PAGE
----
Commercials I hate – Hyundai Sonata hipster Christmas

Commercials I hate – Hyundai Sonata hipster Christmas

Advertising
Oh look at us, we are so delightfully indie and quirky!  Enjoy us frolicking in our secondhand store clothes as we shill for a multi-billion dollar car company! OK, I'll give Pomplamoose (WTF?) a little credit - having checked out some of their other covers they do have some good stuff.  But damn these Hyundai commercials are irritating.  Although I guess it beats watching those yuppie pukes put giant bows on their Lexuses (Lexi?).
Countdown: 10 Most Attractive U.S. License Plates

Countdown: 10 Most Attractive U.S. License Plates

Featured Posts, Listcruft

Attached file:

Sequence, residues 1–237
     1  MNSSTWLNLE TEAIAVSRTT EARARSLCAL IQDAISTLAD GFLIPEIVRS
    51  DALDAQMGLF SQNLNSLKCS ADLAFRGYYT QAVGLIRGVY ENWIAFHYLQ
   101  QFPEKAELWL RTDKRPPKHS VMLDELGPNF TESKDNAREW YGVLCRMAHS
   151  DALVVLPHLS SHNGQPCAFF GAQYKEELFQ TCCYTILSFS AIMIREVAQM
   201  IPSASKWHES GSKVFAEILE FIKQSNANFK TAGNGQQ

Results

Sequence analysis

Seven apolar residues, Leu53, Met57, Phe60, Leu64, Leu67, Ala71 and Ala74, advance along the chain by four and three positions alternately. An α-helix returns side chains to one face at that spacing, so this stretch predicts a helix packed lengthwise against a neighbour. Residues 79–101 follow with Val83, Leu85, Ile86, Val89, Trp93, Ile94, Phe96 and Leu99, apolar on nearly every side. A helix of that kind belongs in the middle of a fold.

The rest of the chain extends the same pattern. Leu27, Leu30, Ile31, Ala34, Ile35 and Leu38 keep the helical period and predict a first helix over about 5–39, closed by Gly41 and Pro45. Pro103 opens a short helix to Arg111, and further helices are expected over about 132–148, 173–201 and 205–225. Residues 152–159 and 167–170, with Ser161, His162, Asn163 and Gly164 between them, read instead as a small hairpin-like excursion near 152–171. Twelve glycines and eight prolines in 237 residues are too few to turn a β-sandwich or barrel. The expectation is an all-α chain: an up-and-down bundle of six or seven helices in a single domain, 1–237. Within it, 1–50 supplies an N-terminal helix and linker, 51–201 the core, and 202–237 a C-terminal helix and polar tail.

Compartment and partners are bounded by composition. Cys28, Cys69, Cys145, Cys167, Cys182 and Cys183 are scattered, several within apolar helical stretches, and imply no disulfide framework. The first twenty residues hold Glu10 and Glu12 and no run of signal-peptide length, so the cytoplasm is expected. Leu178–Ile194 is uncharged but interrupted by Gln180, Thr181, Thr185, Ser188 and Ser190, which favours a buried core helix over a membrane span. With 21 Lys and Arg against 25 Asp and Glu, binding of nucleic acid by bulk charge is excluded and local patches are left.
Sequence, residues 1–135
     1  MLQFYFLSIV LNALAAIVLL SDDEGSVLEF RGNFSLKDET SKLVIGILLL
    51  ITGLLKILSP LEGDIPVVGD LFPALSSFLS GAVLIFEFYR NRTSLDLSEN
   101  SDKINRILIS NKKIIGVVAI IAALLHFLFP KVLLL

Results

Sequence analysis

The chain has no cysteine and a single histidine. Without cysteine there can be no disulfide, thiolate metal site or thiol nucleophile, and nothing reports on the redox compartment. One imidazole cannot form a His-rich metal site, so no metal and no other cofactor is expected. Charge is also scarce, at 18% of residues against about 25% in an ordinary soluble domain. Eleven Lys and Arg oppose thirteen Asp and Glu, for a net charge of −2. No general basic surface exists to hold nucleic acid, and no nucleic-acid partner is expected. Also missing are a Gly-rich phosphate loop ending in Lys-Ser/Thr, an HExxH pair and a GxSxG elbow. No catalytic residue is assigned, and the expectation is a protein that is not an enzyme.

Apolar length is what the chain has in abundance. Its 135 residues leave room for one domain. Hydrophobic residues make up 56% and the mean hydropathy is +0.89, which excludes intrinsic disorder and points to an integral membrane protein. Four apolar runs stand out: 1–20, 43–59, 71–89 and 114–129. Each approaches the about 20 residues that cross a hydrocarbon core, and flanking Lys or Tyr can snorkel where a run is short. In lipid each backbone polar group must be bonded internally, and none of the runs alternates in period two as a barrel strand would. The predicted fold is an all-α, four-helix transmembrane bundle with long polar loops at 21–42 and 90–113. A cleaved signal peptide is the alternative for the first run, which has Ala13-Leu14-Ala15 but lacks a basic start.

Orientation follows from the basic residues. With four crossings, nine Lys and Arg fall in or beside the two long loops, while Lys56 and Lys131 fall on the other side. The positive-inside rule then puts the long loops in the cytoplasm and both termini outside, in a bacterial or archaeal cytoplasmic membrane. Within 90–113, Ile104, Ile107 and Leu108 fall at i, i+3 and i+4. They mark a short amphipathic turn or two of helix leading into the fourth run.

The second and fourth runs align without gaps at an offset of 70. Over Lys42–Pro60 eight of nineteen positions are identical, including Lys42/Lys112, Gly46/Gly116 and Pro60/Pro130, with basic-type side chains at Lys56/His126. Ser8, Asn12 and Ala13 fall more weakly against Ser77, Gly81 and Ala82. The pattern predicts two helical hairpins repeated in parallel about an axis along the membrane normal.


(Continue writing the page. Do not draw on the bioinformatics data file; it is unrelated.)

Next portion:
This countdown first ran in 2007, and is now updated through the end of 2012. While a few plates have changed since '07, only one was drastic enough to merit a change in the rankings -- Kansas lost the #7 spot to Nebraska. License plates are one of the most effective ways for a state to advertise itself to the world. And since a license plate design is usually much more long-lasting than an ad campaign, the choice of design is very important. This is a topic that weighed heavily on my mind as I drove home from Cape Cod last weekend, believe it or not. So in an effort to be as scientific (anal) as possible, I rated all 50 U.S. plates based on the following criteria: Typeface -- Fonts used, as well as their arrangement, are considered. Text -- Includes mottoes, slogans, or any other...